Monday, 17 March 2008 12:00 AM
Welcoming the latest strike against abusive employers in food and agriculture by the Gangmasters Licensing Authority, Jack Dromey, Deputy General Secretary of the UK's biggest union, Unite, said:
"Providers of temporary labour, agencies and gangmasters, should be licensed and, if they seriously abuse workers, lose their licence and go out of business. These latest raids demonstrate, that with the GLA in agriculture, this is what happens - worker abuse is rooted out and reputable employers are protected from the undercutting rogues.
"But now we need to see workers in sectors beyond food and farming benefit from the same protection. Gangmasters do not respect business boundaries - from hotels to building sites, they operate wherever they can supply labour, and so must licensing. It is time that the GLA's reach and worker protection were extended across the economy."
The GLA-organised raids targeted labour providers in the flower, plant and bulb industry around Spalding and Boston, carried out by GLA officers in the run up to Mothers Day and Easter.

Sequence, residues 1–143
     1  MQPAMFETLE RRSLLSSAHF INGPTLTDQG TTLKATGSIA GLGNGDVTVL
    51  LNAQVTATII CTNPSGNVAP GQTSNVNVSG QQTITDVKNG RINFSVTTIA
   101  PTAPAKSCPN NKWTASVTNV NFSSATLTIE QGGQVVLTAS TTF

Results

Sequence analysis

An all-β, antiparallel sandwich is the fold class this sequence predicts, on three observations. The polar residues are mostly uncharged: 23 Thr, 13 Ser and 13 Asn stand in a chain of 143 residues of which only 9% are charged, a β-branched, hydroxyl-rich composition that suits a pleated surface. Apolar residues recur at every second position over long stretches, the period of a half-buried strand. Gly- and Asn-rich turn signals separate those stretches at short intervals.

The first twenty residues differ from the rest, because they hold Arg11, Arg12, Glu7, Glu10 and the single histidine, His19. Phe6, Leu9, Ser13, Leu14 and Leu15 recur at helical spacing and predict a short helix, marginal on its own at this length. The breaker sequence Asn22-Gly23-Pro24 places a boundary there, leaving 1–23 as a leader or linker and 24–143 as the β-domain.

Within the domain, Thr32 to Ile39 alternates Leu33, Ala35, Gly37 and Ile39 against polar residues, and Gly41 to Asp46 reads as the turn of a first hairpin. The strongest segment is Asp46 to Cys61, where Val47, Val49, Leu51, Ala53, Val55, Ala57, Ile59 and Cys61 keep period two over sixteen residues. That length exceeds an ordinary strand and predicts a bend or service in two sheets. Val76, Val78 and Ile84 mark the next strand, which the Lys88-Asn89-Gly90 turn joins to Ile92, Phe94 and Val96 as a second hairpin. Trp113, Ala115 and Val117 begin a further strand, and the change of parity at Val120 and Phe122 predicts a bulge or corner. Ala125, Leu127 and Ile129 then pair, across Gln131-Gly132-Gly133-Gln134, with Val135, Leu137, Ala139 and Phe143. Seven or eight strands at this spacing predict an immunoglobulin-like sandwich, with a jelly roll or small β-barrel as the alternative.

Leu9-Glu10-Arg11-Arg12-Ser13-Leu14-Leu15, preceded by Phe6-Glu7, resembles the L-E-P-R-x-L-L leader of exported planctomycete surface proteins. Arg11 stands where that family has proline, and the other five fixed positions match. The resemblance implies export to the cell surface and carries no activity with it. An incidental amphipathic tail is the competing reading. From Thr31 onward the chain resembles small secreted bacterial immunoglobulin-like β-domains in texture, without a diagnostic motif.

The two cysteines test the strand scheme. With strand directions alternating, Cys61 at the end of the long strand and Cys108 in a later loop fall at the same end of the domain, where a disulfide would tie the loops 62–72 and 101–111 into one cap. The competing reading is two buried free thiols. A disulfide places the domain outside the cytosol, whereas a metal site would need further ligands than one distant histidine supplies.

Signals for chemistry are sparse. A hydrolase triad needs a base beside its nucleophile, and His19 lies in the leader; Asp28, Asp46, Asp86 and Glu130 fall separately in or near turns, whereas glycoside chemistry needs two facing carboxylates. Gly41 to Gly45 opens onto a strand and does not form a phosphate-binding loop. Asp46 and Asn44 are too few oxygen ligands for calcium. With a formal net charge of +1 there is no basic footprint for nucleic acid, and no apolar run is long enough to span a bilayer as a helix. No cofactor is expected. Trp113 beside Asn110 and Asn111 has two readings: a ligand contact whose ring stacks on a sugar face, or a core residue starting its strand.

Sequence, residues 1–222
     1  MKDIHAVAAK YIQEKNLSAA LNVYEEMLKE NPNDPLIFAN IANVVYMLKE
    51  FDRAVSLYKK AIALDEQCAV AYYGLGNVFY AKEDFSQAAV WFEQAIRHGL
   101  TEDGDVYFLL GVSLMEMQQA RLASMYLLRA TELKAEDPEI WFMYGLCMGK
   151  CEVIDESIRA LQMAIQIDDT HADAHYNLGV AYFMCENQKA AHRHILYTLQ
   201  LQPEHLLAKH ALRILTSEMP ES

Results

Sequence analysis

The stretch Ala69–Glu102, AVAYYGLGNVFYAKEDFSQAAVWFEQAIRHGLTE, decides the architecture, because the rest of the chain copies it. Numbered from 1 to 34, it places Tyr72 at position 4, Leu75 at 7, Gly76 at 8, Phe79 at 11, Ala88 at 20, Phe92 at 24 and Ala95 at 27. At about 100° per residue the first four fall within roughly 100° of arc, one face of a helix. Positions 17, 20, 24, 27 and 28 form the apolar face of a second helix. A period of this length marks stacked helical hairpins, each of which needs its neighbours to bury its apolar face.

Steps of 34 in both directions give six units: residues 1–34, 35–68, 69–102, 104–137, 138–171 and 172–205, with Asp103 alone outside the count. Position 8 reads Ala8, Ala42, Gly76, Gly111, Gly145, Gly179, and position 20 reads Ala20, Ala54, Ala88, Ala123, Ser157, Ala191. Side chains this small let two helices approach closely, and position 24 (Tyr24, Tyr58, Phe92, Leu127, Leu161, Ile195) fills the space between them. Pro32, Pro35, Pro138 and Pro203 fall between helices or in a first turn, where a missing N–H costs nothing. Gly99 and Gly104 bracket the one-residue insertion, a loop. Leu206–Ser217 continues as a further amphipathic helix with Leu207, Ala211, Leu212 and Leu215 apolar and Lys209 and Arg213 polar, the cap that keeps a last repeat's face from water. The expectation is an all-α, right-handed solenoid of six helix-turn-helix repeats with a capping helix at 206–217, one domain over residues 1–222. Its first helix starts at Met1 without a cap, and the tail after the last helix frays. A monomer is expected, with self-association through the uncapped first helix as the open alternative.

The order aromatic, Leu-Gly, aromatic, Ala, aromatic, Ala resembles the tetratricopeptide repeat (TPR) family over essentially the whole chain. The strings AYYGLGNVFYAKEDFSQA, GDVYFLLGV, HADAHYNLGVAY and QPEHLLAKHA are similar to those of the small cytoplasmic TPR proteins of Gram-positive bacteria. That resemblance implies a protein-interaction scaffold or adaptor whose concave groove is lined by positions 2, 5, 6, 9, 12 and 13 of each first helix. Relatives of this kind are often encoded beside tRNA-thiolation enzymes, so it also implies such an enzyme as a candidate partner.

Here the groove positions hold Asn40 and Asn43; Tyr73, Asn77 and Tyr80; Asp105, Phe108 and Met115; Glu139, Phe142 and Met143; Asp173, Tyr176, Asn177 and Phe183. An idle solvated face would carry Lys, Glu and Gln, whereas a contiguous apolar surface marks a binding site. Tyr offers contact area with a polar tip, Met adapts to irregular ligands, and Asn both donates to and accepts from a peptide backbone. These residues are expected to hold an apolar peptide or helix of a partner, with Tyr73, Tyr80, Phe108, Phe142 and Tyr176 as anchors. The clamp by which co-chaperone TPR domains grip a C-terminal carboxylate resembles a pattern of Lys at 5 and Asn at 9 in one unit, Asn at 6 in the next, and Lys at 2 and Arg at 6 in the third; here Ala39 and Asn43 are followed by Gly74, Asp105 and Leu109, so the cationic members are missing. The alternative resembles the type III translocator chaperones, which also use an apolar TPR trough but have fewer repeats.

For further information contact Pauline Doyle, Unite, on 07976 832 861
For further information about the GLA raids contact 0115 900 8963/07825 797130
T&G Head of Campaigns
020 7611 2560
07976 832 861
Unite Press Office
020 7611 2550
Demand equal rights for agency workers
British employment law fails to protect the country's 1.4 million agency workers. The Temporary and Agency Workers bill would outlaw discrimination against agency workers and is backed by Unite, other unions and the TUC. On 22nd February, 157 MPs backed the bill, a momentous vote to end undercutting and abuse. But with government yet to back the bill, the fight for workplace justice has not yet been won. Keep pledging your support. Find out more on how you can get involved in the campaign.
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